Words of Advice

If you are reading this because you are thinking about grad school and taking the GRE, I would suggest the following:

  • Read. As many books as you can, but read the classics, Dickens or Austen, throw in some Fitzgerald. The GRE loves their vocab words and it is rare to find salubrious, amalgamate, prevaricate, or vituperative in "Are You There, Vodka? It's Me, Chelsea" (healthful; combine; lie; abusive, respectively).
  • Read some more.
  • Keep reading.
  • You're not done reading yet.
  • Review your math fundamentals. It would be terrible to get a question wrong due to not following PEMDAS (if you don't know what that is, you will need to).
  • Take practice tests.
  • Teach others how to do the problems. They say you retain more information if you teach someone else. Plus, you have to know what you're doing if you are showing someone else how to do it.
  • Start memorizing vocab words as well as roots. Not too many at once or else you'll get confused and forget them. And use them in your everyday conversations, the best way to remember a word and it's definition is in context.
  • Keep a balance. Maintain work AND play.
  • You guessed it, read.

Okay, now, if you're like me and have to take the GRE soon:

  • Take a practice test to see where your strengths and weaknesses are, and study accordingly.
  • Study vocab words. There is no way to memorize all of the words they have out there in the prep books, study roots and prefixes and suffixes so you can make an educated guess if you're unsure of the definition.
  • Review your math and keep doing the problems you tend to get wrong until you start getting them right.
  • SLEEP!! Your brain needs sleep so that it can process information and help you to retain it, if you slack on your sleep your brain is going to get fogged.
  • Eat healthy. I've included a link to a website that has information about eating habits for maximum productivity.
  • Don't ignore the writing portion (like I did). Make sure you look at suggestions for the Analytical Writing and practice writing for 30 minutes, it goes faster than you think.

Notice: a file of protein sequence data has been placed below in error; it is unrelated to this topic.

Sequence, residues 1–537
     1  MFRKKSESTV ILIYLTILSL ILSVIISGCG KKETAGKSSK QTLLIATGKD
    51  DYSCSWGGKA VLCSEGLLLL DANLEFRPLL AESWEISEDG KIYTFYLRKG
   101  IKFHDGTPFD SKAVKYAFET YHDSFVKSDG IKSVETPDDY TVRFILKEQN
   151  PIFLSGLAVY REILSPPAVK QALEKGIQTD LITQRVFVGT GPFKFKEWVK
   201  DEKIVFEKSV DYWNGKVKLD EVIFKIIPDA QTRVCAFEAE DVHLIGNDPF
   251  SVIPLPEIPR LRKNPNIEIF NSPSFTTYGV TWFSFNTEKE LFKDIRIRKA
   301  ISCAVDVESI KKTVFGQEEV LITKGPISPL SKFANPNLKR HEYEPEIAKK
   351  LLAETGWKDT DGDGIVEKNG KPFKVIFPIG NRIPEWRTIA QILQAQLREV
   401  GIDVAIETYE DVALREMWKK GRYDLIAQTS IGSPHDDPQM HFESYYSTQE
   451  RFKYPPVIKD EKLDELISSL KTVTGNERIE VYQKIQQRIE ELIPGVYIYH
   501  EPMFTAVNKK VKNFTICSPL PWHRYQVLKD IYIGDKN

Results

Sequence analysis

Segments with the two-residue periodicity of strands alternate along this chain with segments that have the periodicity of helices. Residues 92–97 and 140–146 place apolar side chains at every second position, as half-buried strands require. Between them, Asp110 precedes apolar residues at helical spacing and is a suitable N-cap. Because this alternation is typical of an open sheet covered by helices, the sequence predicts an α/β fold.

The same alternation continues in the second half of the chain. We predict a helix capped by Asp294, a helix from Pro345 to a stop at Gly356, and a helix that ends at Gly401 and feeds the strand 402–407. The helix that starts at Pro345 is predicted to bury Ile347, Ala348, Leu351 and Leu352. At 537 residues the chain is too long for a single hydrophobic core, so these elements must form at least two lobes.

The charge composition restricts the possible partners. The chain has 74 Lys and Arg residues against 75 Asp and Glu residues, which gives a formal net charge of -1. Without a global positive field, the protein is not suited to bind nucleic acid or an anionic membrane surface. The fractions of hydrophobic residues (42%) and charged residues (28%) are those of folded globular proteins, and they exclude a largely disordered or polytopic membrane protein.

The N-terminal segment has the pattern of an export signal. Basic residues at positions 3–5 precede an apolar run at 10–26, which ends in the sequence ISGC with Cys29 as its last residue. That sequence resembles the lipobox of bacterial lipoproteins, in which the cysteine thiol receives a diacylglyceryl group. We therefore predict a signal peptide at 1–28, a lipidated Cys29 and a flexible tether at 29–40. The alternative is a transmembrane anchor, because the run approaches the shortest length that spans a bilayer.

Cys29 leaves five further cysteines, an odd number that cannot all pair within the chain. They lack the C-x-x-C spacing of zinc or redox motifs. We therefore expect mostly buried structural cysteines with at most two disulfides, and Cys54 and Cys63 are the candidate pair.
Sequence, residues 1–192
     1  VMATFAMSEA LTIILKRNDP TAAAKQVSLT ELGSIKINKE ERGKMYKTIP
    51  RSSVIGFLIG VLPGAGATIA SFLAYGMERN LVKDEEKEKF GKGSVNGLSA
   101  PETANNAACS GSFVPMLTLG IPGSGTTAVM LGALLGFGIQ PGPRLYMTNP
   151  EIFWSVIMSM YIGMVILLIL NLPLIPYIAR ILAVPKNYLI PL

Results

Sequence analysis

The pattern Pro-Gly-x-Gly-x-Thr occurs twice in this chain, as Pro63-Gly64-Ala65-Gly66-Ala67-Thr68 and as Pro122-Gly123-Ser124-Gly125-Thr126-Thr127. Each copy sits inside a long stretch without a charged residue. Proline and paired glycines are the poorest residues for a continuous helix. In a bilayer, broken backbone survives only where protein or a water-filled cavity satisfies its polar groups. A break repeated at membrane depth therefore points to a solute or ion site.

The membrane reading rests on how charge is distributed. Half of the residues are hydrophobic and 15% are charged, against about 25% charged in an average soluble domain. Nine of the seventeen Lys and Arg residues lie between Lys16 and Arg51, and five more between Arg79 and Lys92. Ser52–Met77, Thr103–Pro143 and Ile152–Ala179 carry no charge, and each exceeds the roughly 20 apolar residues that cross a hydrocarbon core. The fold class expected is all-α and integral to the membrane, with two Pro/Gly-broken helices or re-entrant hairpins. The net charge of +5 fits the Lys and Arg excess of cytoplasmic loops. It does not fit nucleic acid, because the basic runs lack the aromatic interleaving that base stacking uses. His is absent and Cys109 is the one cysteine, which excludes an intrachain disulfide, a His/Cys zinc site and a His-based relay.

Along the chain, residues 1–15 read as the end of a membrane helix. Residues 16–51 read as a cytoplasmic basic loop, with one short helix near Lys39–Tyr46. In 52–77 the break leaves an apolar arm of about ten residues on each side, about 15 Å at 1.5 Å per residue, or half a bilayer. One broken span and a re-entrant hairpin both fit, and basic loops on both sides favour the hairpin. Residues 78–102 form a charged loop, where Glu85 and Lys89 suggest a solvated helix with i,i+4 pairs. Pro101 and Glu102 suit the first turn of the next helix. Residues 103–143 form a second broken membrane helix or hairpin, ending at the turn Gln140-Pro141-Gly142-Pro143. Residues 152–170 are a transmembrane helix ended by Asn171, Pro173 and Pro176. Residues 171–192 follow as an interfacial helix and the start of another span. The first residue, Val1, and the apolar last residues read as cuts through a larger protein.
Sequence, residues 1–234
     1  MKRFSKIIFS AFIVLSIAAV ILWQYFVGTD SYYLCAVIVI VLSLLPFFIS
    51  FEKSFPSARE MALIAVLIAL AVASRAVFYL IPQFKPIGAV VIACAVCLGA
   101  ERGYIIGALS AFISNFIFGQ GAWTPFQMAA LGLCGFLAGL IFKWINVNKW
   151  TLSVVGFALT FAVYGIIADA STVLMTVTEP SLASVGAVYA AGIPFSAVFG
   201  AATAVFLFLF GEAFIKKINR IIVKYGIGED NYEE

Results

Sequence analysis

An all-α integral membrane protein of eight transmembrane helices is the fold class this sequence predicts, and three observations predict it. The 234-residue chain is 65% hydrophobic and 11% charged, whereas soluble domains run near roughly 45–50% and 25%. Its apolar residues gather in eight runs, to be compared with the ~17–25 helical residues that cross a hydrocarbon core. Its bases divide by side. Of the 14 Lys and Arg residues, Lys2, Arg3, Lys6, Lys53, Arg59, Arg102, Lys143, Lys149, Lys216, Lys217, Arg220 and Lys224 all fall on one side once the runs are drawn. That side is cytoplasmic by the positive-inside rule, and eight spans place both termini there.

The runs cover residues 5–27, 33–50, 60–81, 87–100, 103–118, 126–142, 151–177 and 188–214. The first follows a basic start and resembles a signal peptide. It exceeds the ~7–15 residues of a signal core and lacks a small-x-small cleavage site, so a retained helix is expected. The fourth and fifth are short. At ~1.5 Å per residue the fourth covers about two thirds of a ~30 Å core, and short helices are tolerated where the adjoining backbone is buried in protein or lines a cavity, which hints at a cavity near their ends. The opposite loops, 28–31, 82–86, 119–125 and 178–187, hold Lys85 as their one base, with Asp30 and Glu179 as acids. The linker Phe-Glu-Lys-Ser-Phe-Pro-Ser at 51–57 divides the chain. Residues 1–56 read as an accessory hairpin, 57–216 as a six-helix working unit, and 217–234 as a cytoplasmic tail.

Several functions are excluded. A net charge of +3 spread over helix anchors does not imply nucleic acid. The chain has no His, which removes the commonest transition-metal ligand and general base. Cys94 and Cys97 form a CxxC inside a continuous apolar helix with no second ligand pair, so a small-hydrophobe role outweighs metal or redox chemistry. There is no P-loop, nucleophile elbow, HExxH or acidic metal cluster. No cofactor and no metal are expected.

• Balance between work and play, but be smart about it. Your main focus is, of course, to study and get a good score, but you also need downtime, so use your downtime to your advantage. Perhaps read a book that you enjoy or play a game with your friend: who can come up with the most synonyms for a word.
  • Get a book like "Crash Course for the New GRE" that will help you along in this whirlwind.
  • And RELAX. There are other factors that they take into consideration for acceptance into grad school. Don't let the stress get the better of you.


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    • profile image

      abid qayyum 

      8 years ago

      I am going to appear on 17th i.e. after 2 more days... I am not a native english speaker so I am struggling with Verbal a lot.. But irony is my low score in maths.. :(

      I am fluctuating between 153 and 160 in maths and really need to score 160+

    • profile image


      9 years ago

      Thank you so much for sharing this with us. I will take the GRE at the end of this month. I wish you all the best sista'!

    • profile image


      9 years ago

      your post will help students to get GRE Good Scores

    • profile image


      9 years ago

      I am taking the GRE this Saturday and feel hopeless. I have already postponed the exam 4 times - thinking that each time I would study more... that hasn't happened. I'm just going to bit the bullet and take it... I have almost all of the 250 suggested words memorized, but the math is another story. I get really confused and have bad anxiety. I really hope this one test isn't going to be my end all for my potential college program.